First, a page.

"You ask why I forget you forever, but I should be asking you: Why do you forget yourselves? Behold, the way is open before you: Rise and conquer! And if you have forgotten Zion and do not mind living without her, and even find it comfortable living without her - why soil you lips with deceit - why pretend to be mourners and lamenters - while in your hearts you are far from mourning and pain and you are actually satisfied with, as you call it, the 'status quo'?

"Here you are praying on this day: 'Comfort Zion as You have promised.' So, why do you yourselves not comfort Zion, and redeem the widow held captive by the impure? Perhaps you do not pity her in your hearts?"

Our fathers in the Diaspora were most patient: Under conditions imposed on them, surrounded by 70 wolves, they were conditioned to be patient. Still - we can say with certainty, that if on one of their Tisha B'Avs, as they sat on the ground and recited Lamentations - if at that exact moment the messenger came and reported that faraway, in their Jerusalem, at the foot of Mount Moriah, a few hundred cubits from the Holy of Holies, a fully armed Hebrew army is waiting with its commanders - why, as soon as the news was delivered they would have risen from the ground drunk with joy and flown on eagle's wings, every single child of Israel, to the promised land, to join their Hebrew army camping at the foot of Temple Mount and they would not have continued lamenting, they would have been marching, together, drunk with joy: Forward to the east!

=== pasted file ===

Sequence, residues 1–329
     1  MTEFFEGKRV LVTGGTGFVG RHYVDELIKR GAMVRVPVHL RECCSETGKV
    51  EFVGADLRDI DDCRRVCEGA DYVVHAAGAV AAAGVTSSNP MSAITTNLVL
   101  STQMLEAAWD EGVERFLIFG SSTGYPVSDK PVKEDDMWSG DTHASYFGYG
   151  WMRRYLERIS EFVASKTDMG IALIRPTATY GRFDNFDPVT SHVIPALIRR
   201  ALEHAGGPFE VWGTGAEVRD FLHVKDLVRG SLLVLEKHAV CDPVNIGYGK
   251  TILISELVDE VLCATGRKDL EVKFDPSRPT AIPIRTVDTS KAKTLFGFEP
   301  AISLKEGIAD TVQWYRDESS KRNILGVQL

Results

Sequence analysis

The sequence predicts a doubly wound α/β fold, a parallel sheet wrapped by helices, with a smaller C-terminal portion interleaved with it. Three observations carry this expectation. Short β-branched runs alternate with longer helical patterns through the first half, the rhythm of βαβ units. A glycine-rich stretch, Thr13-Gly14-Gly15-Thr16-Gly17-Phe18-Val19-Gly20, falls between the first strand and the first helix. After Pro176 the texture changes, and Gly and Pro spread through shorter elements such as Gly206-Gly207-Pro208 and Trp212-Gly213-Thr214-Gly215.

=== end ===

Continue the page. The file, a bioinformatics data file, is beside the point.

Yet we "Zionists", boastful of our accomplishments and activity -with our army at the foot of the mountain, stand with arms folded - so, what is this mourning, what is this hypocritical weeping, if not the epitome of hypocrisy and the scam of scams?

Certainly: If we had in our generation one leader, "a master of all the Diaspora," of the stature of Rabbi Gershom Meor Hagola or Maimonides - he would be courageous enough to alter the prayers of the Fast of the Fifth - to put them in accord with the realistic desires and the realistic possibilities of the hour: to ensure that lies and hypocrisy are far from us when we speak in prayer to the nation's God.

Since we do not have such a leader, since we now stand in this poor generation - we must be grateful that the "religious leaders" of our time have not yet proclaimed that "we have been fully redeemed" and canceled Tisha B'Av altogether. (And this they have avoided doing not because they yearn for Malkhut Israel, the sovereign kingdom of Israel, for such yearnings are not in their hearts, but rather out if inertia and habit and lack of courage... and we are better off that they have not changed Tisha B'Av, so we still have it as testimony that the nation and Jerusalem have not yet been redeemed.)

In any case, we must engrave this truth in our souls:

Though the Fast of the Fifth has undergone no change in form since the establishment of the State of Israel, in its essence it has been transformed: If until now the fast was addressed to the heart of Israel, to the source of Israel's tears, and to the God of Israel that He should save us miraculously - from now on Tisha B'Av is addressed to the arm of Israel, it is a call to the sword of Israel: that it should be drawn in order to take back what has been stolen from us; that the sword of Israel should stir to the action that brings full redemption, after which, and only after which, the Fast of the Fifth will along with all the other fasts become "joy and happiness and holidays..."

(From Sulam no. 40, Av 5712 [Summer 1952])